When a nation’s citizens have faith in their justice system, that nation tends to see less violent crime, accord-ing to a new study out of the University of Colorado in Boulder.
The connection between due pro-cess and violent crime rates would appear to explain why more democratic countries don’t necessarily see lower murder rates than authoritarian regimes. But another takeaway for the legal community might be that a fair justice system is a deterrent to crime in and of itself, according to Erin Huebert and David Brown, the authors of “Due Process and Homicide: A Cross-National Analysis.”
In the article published this month in Political Research Quarterly, Huebert and Brown argue that greater due process can decrease homicide rates because it encourages citizens to al-low for the judicial system to resolve disputes. Having faith in their criminal justice system also makes citizens more likely to cooperate in investigations, therefore making prosecution more effective and deterring future crime, the authors also said.
Huebert said she hopes the study sparks “further conversation about how the police in society interact” with the public — that law enforcement needs to trust the citizens and vice versa as a means of controlling crime. While the report doesn’t address U.S.state policies, it supports the idea that community policing and other law enforcement methods that emphasize cooperation from the public are effective means of fighting crime, she said.
“There’s a lot [in the report] about legitimacy and fairness and how that elicits citizen cooperation,” Huebert said.
In examining 89 countries, the study compared murder data from2009 to 2014 from the United Nations Office on Drugs and Crime with each country’s due process score based on a survey. The U.S. had the third worst homicide rate among 29 developed countries in that period while ranking 25th overall in due process rating.
The authors found there was no correlation between authoritarian-ism and homicide rate, which would explain why crime is especially low in a repressive regime like Singapore and high in more-democratic Nigeria. But the authors also considered other factors, such each country’s population of young males, income inequality, police corruption and GDP. Notably, the authors found little if any correlation between homicide rate and whether the country allowed the death penalty.
Previous political science research has determined that measuring violent crime rates across the spectrum of political regimes creates a bell curve.
The most thoroughly authoritarian regimes on one end of the spectrum and democratic regimes on the other see the lowest homicide rates, while the rates are highest for the “hybrid” societies in between. There is a trend in countries like Brazil of seeing more crime even as they take steps toward gender equality and other social re-form. It’s been theorized before that the rule of law is the missing factor that accounts for that difference in crime rates.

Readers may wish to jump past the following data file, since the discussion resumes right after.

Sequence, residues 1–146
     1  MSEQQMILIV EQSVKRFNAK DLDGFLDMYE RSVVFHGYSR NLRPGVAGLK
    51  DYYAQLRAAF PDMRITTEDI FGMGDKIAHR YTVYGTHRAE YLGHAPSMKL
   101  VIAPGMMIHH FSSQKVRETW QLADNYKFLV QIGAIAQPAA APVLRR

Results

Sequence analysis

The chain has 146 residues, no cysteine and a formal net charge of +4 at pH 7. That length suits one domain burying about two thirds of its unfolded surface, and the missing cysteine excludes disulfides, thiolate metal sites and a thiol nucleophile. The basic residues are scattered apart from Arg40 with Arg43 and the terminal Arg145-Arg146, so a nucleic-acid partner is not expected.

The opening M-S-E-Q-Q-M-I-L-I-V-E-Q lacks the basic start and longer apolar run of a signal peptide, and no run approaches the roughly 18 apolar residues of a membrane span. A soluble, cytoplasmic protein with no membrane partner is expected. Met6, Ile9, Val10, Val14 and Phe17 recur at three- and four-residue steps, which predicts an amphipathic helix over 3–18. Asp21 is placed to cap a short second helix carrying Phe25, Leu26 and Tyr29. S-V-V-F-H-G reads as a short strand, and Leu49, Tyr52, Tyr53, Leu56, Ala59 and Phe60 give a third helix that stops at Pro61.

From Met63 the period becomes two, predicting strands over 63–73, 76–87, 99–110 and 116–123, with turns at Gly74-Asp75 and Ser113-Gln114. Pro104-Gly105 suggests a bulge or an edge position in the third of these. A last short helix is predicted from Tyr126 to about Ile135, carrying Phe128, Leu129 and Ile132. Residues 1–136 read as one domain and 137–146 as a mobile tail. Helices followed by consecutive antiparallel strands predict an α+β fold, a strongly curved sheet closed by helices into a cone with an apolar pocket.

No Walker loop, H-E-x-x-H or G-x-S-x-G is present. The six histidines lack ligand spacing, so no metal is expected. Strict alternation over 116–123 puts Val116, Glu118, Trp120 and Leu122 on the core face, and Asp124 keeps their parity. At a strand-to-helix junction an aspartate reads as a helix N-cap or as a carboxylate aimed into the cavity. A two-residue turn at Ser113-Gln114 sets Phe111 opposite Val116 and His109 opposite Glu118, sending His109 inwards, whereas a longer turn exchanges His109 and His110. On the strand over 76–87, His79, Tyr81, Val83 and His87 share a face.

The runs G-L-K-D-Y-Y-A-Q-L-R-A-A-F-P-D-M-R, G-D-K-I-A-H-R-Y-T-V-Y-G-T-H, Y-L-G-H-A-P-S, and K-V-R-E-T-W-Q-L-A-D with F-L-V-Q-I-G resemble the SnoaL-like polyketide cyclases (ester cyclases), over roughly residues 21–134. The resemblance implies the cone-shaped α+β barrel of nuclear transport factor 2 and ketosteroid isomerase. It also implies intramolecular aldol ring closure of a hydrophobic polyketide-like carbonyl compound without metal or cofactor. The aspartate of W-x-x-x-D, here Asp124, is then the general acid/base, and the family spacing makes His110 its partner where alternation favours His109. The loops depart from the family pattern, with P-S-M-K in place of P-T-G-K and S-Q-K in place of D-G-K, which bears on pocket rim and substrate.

“What seems to have been the casein prior literature is … countries that have better rule of law not surprisingly have lower homicide rates, but that’s such a broad concept,” Huebert said.The question, she noted, is what does it mean to have better rule of law?
For the study, the authors used the World Justice Project’s definition of due process, which “refers to the legal requirement that a state must respect the legal rights of all its citizens.”
•the presumption of innocence and the opportunity to submit and challenge evidence before public proceedings;
•freedom from arbitrary arrest, detention, torture and abusive treatment; and
•access to legal counsel and translators.
The report used a survey of legal experts and the general population in each country to evaluate its due process according to the WPJ’s variables. Countries that scored high on due process included Finland, Norway, Singapore, Czech Republic and South Korea.The low scorers included Venezuela, Nigeria, Pakistan and Zimbabwe.
Huebert said that while it’s not surprising that democracies can have strong due process and control crime, it appears authoritarian regimes can as well. A populace might be more likely to deem its judicial system as fair if its country is more prosperous, like for example the United Arab Emirates, which scored high in due process and rated severely authoritarian. Huebert noted that it wasn’t third-party evaluators who scored each country on due process, but the country’s own people.
“It’s important to note that due process is about whether people perceive there to be due process or not,”Huebert said. “Their perceptions of what due process is might be very different from mine.”
The study offers counter points to the idea that greater due process means less violent crime. In a society with greater due process, there’s a greater likelihood that criminals go free for lack of evidence, allowing them the chance to commit more crimes. Another is that it doesn’t ac-count for crimes that are commit-ted “in the heat of the moment” and where a person’s awareness of their criminal justice system’s legitimacy doesn’t factor into their decision to commit the crime.
“How states fight crime influences crime itself,” the report said, yet the authors admitted that the reverse could be true: the data didn’t definitively point to which factor was causal.Zeroing in on why the link exists be-tween murder rate and due process is perhaps the next avenue for research.
“We’ve found an association, we certainly theorized and have a story for why that occurs, but that’s what needs to be tested next,” Huebert said.
— Doug Chartier